Once you've downloaded the service account file, just move it into your functions directory and rename it to .serviceaccount.json.

All of these configuration files are listed in .gitignore, so you don't need to worry about accidentally pushing any private configuration to a public repository.

4. Start the dev server

You can test your configuration by starting the development server:

npm run start:client

This should open a browser window to http://localhost:3000/, where if everything has gone to plan, you'll see the landing page. However, before being able to submit the form, you'll first need to start a server to simulate your Firebase functions locally.

5. Set up the Firebase CLI tools

Before continuing, you'll first need to make sure you have the Firebase CLI tools installed:

npm install -g firebase-tools

Once installed, you'll also need to login to your Firebase account:

firebase login

This will give you a firebase command, which lets you deploy your app to Firebase hosting, deploy Firebase functions, and run Firebase functions locally.

6. Create your .firebaserc file

In order to know which Firebase project to use, the firebase command looks for the current project's ID in a file could .firebaserc -- which you'll need to create. The easiest way to do this is by running firebase use --add, selecting a project, and then naming it default when prompted:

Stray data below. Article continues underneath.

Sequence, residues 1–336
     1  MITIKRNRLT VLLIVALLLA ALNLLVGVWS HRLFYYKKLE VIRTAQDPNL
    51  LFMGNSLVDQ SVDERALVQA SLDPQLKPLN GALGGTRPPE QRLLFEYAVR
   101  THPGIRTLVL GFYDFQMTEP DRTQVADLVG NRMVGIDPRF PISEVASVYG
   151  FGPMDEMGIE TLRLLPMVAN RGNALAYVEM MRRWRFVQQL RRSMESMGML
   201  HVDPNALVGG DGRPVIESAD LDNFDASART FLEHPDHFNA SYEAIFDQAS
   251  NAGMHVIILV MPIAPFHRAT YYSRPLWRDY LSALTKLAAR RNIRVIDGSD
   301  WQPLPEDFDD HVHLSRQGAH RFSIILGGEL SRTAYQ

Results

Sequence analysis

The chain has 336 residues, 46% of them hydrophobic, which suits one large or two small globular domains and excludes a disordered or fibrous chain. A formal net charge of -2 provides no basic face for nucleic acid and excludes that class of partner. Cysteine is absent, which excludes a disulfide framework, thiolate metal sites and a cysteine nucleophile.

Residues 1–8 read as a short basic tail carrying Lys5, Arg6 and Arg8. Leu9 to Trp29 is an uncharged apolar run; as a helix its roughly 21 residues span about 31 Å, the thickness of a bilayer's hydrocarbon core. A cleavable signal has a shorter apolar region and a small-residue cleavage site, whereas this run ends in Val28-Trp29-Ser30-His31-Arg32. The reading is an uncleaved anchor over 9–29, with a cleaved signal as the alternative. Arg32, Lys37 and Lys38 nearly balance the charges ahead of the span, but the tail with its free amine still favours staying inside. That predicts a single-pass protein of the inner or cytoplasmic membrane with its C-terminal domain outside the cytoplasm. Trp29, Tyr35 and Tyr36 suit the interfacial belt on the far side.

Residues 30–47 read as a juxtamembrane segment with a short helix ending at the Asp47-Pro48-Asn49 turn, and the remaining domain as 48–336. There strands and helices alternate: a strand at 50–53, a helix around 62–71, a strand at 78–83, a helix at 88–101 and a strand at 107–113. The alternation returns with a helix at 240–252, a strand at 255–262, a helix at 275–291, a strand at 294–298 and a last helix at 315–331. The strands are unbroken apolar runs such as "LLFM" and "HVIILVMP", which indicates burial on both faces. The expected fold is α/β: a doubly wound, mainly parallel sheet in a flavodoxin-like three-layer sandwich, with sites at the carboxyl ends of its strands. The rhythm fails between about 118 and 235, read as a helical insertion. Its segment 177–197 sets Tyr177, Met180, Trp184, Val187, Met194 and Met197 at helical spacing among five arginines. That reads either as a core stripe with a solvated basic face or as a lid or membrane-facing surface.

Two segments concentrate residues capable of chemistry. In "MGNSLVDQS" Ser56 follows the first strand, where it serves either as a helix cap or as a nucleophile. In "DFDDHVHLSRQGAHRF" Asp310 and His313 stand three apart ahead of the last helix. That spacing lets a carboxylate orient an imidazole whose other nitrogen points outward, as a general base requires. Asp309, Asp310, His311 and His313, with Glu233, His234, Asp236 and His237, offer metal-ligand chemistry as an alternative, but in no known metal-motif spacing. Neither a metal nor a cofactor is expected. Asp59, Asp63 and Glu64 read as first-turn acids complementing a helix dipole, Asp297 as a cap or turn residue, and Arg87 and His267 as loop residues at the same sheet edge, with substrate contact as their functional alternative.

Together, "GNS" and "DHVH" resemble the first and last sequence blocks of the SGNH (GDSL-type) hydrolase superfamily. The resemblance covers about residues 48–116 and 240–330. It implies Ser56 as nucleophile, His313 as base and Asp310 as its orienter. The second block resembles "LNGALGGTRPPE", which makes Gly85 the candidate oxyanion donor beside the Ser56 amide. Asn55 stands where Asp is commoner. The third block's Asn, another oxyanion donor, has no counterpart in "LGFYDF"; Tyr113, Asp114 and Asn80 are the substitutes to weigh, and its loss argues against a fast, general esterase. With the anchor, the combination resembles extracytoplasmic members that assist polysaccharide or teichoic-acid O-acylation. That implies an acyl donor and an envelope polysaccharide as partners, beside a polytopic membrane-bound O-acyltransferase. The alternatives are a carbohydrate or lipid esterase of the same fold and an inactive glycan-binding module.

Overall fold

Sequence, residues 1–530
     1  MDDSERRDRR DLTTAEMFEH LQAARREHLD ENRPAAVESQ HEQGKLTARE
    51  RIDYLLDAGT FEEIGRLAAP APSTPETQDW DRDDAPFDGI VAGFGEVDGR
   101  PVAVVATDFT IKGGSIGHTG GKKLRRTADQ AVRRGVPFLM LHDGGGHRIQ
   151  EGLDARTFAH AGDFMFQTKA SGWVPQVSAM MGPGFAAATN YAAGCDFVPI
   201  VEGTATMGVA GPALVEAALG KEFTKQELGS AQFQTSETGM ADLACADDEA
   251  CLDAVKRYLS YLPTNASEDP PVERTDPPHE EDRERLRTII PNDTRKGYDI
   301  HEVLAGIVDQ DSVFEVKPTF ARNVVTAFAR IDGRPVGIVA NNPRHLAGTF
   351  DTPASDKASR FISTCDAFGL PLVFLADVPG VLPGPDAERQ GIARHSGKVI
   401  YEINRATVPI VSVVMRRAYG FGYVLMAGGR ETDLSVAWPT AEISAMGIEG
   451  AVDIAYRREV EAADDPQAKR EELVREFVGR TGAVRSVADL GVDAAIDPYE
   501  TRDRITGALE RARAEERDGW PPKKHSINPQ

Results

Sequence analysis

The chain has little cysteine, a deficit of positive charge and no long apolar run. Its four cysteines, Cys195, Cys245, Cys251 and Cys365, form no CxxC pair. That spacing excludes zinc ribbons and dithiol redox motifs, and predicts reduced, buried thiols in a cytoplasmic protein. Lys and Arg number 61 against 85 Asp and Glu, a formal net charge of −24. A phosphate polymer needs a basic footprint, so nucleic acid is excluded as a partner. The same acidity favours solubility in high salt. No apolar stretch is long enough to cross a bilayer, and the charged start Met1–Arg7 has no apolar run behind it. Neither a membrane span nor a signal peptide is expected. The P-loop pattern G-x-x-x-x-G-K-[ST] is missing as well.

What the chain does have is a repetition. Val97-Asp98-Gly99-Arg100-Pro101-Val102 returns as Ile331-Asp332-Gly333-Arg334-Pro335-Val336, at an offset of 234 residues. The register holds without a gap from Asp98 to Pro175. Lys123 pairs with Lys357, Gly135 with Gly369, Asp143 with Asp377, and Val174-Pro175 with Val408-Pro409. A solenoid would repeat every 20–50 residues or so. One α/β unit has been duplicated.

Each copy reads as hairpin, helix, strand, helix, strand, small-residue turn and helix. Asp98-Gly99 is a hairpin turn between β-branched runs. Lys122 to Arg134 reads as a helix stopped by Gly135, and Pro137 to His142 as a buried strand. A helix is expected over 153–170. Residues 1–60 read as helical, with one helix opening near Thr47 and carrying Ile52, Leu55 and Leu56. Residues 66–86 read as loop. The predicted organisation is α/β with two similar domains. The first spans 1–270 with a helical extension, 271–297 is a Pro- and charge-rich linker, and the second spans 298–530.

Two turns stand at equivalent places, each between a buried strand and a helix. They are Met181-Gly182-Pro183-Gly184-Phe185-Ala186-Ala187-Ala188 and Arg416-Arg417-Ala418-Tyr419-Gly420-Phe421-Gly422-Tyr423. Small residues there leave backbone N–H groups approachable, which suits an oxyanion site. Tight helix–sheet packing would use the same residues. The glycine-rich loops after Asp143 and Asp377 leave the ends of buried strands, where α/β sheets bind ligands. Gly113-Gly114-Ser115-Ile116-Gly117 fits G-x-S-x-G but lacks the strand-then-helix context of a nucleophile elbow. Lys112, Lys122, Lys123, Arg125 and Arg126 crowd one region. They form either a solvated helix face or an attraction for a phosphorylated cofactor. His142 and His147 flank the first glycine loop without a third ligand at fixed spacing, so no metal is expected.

$ firebase use --add

? Which project do you want to add? vouchchat
? What alias do you want to use for this project? (e.g. staging) default

Created alias default for vouchchat.
Now using alias default (vouchchat)

7. Start the local Firebase functions server

Once you've set up the Firebase CLI tools, you can start a local server in a separate terminal window to simulate your Firebase functions:

npm run start:functions

If this has worked correctly, then you should now be able to submit the form on your landing page!

You'll usually want both the React and Firebase dev servers running simultaneously, so this repository also includes a special script that will start both of them in the same tab:

npm start

8. Deploy!

Once you've completed all of the earlier steps, deploying your app to the internets is simple:

npm run build:development # or npm run build:production
firebase deploy

This will build your app's distributable files with the react-scripts command, before calling firebase deploy to upload the new app to Firebase hosting, deploy cloud functions, and lock down your database's access rules. Once complete, your new app's URL will be printed to the console.

If everything is set up correctly, you should now be able to submit the form in the live app with another email address, and see it appear in your Firebase console after a refresh. Congratulations -- you've got your landing page working! All that's left is to play with the styles to make it work for your brand.

9. Bonus step: add a domain

Within the Firebase Console's Hosting area, you can add a domain name for your landing page -- so that it looks a little more official.

How does this all work though?

Want to build real apps that make real bacon? Then check out React, Firebase & Bacon -- and while you're there, pick up a free CLI cheatsheet with many of the commands from this guide. I'll see you there!

- James K Nelson

License

Code is licensed under the MIT license. Images are not licensed.